https://www.northerntool.com/shop/to...5735_200585735
    Last edited by Goggleeye; 01-13-2021 at 02:09 PM.
    Now I have an outdoor hobby for all 12 months. Like I need anything more to do
    500+ taps on gravity tubing, MicRO2 RO, 2.5 X 8 Leader King, and a 1953 Willys Jeep to run around the maple woods with.
    http://www.gihringfamilyfarm.com/

  7. #7
    Join Date
    Feb 2018
    Location
    Mantorville, MN
    Posts
    49

    Default

    Yes, I have about a 30 foot rise in elevation from my collection tank to my sugar shack plus 400-500 foot run. I've been thinking of a Honda10 pump.
    I've also been giving some thought to running my 3/16 all the way to the tank rather than using a mainline. Then, use 1" tubing up tp the shack.
    I'd love to haul some rock in but my sugarbush is a cow pasture for 9 months of the year. It is about 3/4 mile from a road so hauling rock wouldbe a challenge.
    Thanks for ideas

  8. #8
    Join Date
    Mar 2013
    Location
    Thetford, VT
    Posts
    389

    Default

    You can go to the Honda website and check out their pump calculator. Neat tool and pretty accurate. A Honda WX10 has 1" inlet and outlet. Make sure you are using a 1" suction hose....don't starve your pump. The outlet can be different with smaller having more pressure.

    We used to use an electric Wayne pump at three different stations we dumped to when we had buckets and ran to when we started on tubing. We pumped through 3/4" line, maybe 30-35' elevation, and the longest was about 300 feet. It worked. There was sap left in the pipe. Took awhile, but it worked.

    Now we have 2 collection points. Both are 65" or so below the sugarhouse. One is 800 feet away and the other is 1200 feet away. The first one we built was the 800 foot one. We had a 1.5" outlet on the tank so the WH15 (high pressure 1.5") pump gave the best results on the pump select. It was accurate within 1-2 gallons at about 25 gpm real world. We had about 75 gallons of sap left in the pipe after pumping. If it was pretty cool out we would back drain it otherwise we hauled up. We learned more about ordering tanks with a 2" outlet and how much faster a 2" pump moved sap (we have CDL 787 gallon tanks in both places). We ran 2" pump line and use a WH20 at this station. Much faster.

    As above use as much 3/16" as you can to get the vacuum benefit. You'll still have to haul what's left...300' 3/4" pipe has just under 7 gallons of sap in it. Maybe you can go to 1" for less friction loss and have just over 12 gallons to haul. Make sure your pump line is well drained when you are done or you won't be pumping much until it warms up.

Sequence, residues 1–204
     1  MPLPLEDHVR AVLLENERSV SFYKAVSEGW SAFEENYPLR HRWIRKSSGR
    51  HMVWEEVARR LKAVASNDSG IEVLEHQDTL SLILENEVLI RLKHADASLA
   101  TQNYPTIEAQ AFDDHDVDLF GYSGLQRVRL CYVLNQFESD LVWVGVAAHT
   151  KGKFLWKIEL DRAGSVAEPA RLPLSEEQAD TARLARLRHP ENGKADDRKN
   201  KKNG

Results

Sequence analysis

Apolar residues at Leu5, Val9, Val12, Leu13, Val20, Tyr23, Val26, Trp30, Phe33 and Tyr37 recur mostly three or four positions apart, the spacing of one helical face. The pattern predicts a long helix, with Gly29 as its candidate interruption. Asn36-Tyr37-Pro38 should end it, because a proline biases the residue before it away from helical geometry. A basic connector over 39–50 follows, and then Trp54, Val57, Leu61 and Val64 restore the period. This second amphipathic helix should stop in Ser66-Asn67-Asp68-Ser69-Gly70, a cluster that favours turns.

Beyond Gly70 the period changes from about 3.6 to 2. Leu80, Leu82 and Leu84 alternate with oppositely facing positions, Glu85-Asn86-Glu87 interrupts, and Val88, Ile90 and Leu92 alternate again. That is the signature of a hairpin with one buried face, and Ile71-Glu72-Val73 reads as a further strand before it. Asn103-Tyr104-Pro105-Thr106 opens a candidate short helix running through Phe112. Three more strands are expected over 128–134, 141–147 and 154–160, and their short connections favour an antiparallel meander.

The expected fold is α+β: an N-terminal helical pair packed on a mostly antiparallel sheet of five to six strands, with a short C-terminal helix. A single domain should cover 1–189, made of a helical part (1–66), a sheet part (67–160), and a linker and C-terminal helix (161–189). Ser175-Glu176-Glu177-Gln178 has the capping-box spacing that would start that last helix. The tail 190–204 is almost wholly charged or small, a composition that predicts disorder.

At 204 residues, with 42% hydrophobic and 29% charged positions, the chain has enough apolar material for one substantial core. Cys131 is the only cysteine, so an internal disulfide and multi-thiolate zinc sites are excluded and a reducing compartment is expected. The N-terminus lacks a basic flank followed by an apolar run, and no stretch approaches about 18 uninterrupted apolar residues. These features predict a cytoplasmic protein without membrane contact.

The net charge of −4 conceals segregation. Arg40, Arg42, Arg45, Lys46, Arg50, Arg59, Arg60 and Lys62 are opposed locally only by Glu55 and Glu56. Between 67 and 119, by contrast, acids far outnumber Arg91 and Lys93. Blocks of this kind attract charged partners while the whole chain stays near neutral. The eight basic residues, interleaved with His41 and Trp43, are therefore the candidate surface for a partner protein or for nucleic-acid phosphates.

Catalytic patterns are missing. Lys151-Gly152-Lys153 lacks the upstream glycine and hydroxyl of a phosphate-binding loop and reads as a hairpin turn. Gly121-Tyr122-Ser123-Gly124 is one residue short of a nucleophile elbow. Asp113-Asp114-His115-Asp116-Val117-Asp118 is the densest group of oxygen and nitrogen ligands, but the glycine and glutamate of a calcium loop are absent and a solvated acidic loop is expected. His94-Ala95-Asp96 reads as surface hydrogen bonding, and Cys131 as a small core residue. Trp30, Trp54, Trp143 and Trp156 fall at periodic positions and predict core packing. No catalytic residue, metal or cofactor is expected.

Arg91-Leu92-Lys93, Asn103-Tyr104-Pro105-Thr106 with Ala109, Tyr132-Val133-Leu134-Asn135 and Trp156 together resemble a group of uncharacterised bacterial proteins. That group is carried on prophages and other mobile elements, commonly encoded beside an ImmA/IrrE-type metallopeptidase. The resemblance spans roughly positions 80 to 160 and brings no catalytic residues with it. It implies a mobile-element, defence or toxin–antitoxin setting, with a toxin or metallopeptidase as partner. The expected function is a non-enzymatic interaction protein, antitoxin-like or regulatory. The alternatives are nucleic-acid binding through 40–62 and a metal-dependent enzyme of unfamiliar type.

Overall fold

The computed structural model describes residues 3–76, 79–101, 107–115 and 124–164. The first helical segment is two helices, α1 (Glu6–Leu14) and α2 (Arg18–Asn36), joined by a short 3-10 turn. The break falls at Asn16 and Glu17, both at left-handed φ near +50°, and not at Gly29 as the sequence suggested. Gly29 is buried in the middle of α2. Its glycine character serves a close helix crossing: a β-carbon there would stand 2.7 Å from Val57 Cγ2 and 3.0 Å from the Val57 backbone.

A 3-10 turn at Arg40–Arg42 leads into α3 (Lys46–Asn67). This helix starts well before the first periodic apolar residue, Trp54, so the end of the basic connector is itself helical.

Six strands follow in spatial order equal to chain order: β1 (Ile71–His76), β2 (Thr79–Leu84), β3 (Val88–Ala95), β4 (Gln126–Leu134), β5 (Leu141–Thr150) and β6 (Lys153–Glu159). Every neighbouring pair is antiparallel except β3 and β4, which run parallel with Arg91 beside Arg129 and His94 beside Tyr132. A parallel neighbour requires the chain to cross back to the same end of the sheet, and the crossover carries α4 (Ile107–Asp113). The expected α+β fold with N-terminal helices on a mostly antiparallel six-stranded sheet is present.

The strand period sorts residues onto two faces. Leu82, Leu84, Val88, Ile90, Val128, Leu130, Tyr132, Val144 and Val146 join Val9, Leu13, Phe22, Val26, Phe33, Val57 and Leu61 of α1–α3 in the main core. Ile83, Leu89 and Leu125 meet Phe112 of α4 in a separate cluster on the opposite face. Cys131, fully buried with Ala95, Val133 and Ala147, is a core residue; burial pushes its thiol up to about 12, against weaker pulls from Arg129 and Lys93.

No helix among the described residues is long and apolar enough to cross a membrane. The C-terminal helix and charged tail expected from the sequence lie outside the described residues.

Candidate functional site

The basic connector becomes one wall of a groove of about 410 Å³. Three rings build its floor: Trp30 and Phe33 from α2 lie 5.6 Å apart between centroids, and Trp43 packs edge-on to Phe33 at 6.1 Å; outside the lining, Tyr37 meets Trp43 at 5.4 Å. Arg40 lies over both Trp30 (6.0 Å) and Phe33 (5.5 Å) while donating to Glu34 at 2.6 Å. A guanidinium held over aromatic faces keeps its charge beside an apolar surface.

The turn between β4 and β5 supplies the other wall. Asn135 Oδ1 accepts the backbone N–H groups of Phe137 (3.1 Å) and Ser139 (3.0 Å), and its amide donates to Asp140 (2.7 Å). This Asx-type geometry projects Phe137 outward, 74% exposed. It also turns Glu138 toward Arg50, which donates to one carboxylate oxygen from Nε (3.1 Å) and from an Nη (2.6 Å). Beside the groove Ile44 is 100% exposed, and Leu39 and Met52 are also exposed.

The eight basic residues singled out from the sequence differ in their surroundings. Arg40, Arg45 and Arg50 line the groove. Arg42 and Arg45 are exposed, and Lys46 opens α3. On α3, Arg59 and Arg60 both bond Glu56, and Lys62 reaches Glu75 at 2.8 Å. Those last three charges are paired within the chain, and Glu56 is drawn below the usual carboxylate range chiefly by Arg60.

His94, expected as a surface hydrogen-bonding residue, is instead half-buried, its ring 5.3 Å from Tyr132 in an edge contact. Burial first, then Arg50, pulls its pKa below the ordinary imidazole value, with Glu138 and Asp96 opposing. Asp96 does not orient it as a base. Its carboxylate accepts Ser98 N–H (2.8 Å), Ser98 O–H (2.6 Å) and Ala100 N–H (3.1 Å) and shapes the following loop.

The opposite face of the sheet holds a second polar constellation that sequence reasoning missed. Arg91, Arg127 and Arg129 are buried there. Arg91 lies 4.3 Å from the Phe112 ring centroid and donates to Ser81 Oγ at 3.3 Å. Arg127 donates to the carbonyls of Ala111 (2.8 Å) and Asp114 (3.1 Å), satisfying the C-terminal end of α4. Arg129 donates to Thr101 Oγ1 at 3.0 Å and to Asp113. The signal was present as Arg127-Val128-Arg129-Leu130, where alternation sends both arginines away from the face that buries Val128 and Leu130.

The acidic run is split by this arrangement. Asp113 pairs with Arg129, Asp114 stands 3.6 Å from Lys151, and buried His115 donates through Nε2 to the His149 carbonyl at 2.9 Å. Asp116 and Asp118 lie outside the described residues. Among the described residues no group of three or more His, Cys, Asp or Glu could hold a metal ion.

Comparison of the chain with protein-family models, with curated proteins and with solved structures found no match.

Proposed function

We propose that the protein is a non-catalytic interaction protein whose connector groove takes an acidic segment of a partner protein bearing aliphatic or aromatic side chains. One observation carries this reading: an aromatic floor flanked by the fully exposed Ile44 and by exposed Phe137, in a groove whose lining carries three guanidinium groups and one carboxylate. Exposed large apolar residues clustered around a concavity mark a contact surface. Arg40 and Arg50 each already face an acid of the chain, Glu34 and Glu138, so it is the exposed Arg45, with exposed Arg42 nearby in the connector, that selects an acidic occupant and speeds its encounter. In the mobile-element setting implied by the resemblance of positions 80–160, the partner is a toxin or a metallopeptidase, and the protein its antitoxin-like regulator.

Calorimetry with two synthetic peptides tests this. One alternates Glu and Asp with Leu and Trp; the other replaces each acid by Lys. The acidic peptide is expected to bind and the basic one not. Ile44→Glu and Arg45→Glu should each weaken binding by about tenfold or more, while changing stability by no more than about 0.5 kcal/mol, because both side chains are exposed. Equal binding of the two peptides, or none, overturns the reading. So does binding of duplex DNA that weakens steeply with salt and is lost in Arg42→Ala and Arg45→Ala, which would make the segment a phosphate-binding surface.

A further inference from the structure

Mike
    Tapping since 1985 (four generations back to early to mid 1900s). 200-250 taps on buckets and then tubing in the mid 90s. 2013- 275 taps w/sap puller 25 gal. 2014-295 taps w/sap puller 55 ga. (re-tapped to vacuum theory) 2015-330 taps full vac. 65 gal, 2016-400 taps 105 gal, 2017-400 taps 95 gal. 2018-additional 800' mainline and maybe 400 new taps for a total near 800 taps. 2x6 Leader WSE (last year on it) supported by a 250 gph RO.

  9. #9
    Join Date
    Apr 2018
    Location
    NY
    Posts
    11

    Default

    I would add the mainline to your collection tank instead of running each 3/16 line to the tank.

    as for a pump line. elevating it off the ground and making sure it drains well when not in use are critical to keeping it functional. with that being said a 2" trash style pump will pump that elevation change no problem. I pump one location 55 feet vertical with a 2" pump on a 2" line without an issue. if you find your pump is not doing it, drop your pump line down to 1". smaller pipe has less head weight above the pump letting it pump higher.
    owner/operator, D&B Maple
    Tubing system consultations, installs and repair
    https://www.facebook.com/DB-Maple-110587323841677

    Operator, Fairbanks Maple
    6,000 tap family sugaring operation
    https://www.facebook.com/FairbanksMaple

  10. #10
    Join Date
    Jan 2006
    Location
    Oneida NY
    Posts
    10,737

    Default

    In my experience using a smaller line increases line friction and you will get less flow. Yes there is more weight in the pipe on a larger pipe but that larger line has less line friction. It is the line friction that affects the gpm and the total head (lift), not theweight of the water.
    Dave Klish about 400 taps, down from much more. Will hold about the same for 2021
    2012 Mahindra 36 HP 4x4/ loader/cab/heat/AC:-)
    3x8 raised flue evaporator
    250 GPH converted to electric, RO by Ray Gingerich
    6.32 KW solar system, 1.48KW is battery backed up, all net metered
    website: www.cnymaple.com